December 18, 2017
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Tick-borne anaplasmosis on the rise in Maine

By Patty Wight, Maine Public
Updated:
Courtesy of Griffin Dill of the UMaine Cooperative Extension | BDN
Courtesy of Griffin Dill of the UMaine Cooperative Extension | BDN
An adult female deer tick.

The tick-borne disease anaplasmosis is on the rise in Maine.

According to the Maine Center for Disease Control, the number of cases of the disease has grown from a little more than a dozen about a decade ago to 500 so far this year. Public health officials say the increase mirrors the movement of Lyme disease into Maine years ago.

As state epidemiologist Dr. Siiri Bennett runs through the reported cases of anaplasmosis year by year, the numbers at first hold steady in the teens.

“In 2008 there were 17. 2009, 15,” she says.

But then, they start to grow.

“2015, 186,” Bennett says.

As of last week, there have been 500 reported cases in 2017.

“This year, we’re seeing more cases. It’s hard to know why. I suspect partly because it’s been such a mild fall. Ticks are out, and more importantly, people are out,” Bennett says.

Chuck Lubelczyk at the Maine Medical Center Vector-Borne Disease Lab says the increase may also be partly due to more awareness and testing. But he is seeing more ticks with the disease in the field.

“Back in the the ’90s, there were very low levels of it around, and it has slowly increased. We have some areas of the state where we do surveillance where we might have 10 percent of the population of ticks are infected with anaplasma,” he says.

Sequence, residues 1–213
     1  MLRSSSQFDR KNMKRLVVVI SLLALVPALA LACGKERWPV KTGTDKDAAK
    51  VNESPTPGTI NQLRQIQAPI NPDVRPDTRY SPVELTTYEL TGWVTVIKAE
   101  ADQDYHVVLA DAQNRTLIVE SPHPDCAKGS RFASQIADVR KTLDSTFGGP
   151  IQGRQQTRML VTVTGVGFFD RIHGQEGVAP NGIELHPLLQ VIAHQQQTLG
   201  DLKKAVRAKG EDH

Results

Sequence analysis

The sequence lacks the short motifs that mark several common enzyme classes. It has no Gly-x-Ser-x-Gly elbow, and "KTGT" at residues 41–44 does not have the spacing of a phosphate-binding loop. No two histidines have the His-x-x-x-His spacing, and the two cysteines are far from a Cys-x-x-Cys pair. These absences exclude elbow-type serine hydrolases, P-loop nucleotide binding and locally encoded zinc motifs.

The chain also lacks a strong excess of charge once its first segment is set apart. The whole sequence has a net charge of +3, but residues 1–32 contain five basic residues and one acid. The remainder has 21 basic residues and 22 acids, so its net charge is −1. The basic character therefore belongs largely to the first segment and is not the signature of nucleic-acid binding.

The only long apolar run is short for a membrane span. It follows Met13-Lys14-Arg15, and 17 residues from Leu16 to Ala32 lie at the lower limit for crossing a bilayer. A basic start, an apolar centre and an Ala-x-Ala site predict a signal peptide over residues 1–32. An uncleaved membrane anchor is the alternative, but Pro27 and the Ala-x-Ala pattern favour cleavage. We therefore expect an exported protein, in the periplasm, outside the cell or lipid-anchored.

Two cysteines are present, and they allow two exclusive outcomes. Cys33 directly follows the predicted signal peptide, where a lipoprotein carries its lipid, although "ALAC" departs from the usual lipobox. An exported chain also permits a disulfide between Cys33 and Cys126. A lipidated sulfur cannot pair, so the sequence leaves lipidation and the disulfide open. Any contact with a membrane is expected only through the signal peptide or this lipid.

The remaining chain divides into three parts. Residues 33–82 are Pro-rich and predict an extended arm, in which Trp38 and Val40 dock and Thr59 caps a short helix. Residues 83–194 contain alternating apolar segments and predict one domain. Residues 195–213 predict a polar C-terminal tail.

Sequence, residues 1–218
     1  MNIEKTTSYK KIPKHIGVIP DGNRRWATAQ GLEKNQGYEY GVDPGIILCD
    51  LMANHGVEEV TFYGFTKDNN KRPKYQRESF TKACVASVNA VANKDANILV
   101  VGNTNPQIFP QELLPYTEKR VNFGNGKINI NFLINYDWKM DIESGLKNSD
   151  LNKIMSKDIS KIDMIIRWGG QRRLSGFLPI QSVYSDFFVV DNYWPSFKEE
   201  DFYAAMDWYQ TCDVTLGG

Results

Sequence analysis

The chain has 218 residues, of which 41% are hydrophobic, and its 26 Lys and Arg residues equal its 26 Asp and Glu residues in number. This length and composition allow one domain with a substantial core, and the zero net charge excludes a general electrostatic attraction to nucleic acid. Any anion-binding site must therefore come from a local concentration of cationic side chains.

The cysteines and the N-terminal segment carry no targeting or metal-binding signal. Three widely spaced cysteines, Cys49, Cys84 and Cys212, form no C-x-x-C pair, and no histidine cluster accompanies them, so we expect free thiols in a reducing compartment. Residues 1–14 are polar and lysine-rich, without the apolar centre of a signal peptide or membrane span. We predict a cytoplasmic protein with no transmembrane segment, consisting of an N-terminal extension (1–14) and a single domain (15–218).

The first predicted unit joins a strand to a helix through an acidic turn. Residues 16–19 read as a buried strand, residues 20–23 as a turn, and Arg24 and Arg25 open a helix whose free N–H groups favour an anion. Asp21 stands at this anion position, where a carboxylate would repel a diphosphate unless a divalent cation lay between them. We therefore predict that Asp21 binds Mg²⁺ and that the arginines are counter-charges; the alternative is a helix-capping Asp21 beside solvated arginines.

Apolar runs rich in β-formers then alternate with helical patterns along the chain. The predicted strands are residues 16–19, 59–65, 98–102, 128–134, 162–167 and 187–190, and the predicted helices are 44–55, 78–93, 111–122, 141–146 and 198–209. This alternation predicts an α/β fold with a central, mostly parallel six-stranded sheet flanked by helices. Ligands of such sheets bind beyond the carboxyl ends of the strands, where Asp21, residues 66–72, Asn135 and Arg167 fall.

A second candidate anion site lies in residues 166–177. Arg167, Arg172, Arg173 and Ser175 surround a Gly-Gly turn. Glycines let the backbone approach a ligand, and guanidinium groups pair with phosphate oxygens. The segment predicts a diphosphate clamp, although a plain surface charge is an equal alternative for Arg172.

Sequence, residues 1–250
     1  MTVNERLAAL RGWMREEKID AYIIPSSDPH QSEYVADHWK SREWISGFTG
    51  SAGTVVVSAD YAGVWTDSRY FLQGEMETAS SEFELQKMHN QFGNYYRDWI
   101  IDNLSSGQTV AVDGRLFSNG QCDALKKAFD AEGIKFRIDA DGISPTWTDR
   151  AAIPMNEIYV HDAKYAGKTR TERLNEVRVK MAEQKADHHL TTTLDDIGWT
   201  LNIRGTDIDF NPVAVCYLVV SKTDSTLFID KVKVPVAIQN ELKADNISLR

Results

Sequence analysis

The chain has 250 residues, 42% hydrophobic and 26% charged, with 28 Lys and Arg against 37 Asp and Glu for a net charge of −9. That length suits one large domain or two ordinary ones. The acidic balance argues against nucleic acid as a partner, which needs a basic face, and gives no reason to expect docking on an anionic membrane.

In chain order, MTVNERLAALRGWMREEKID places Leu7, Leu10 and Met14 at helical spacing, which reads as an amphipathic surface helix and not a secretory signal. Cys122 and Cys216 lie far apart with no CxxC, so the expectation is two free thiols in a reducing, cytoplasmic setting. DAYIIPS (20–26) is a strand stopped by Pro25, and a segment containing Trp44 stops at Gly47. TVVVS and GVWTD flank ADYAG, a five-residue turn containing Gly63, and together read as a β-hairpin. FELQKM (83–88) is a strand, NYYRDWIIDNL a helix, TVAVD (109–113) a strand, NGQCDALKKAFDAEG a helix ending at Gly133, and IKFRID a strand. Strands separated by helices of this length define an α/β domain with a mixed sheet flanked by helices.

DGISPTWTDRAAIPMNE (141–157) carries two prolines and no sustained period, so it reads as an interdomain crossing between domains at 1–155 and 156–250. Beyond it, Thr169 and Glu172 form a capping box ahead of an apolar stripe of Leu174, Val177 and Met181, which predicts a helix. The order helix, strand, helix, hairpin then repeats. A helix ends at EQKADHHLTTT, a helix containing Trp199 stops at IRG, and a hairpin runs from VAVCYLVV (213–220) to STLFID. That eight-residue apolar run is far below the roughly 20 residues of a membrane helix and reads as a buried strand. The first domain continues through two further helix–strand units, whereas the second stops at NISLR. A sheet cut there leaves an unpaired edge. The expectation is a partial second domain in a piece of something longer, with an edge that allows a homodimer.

Forty-five percent of cases reported to the CDC are from Knox, Lincoln, Sagadahoc and Waldo counties. But Lubelczyk says ticks with anaplasma are also found in York and Cumberland counties, all the way up to the outskirts of Hancock County.

“In many ways, it’s like Lyme disease 2.0. So we’re seeing a lot of the same geographic and distribution patterns that happened when Lyme disease first appeared in the Maine landscape,” he says.

Also like Lyme disease, anaplasmosis is a bacterial infection spread through deer ticks. And the symptoms are similar.

“Fever, headache, chills, muscle aches,” Bennett says.

She says if you feel like you’ve got the flu and have been exposed to ticks through outdoor activities or pets, see your doctor for testing. And as always, Lubelczyk says, it’s important to take a line of defense to prevent tick bites in the first place.

“It’s kind of that boring message we give out every year that does actually work,” he says.

Which is, wear long sleeves, pants and socks; use repellent; and do frequent tick checks on yourself, your family and pets. Finally, Lubelczyk says, don’t let the colder temperatures lull you into indifference. Fall is a big tick season in Maine.

As of last week, he says, ticks were in high numbers across the state.

This report appears as part of a media partnership with Maine Public.

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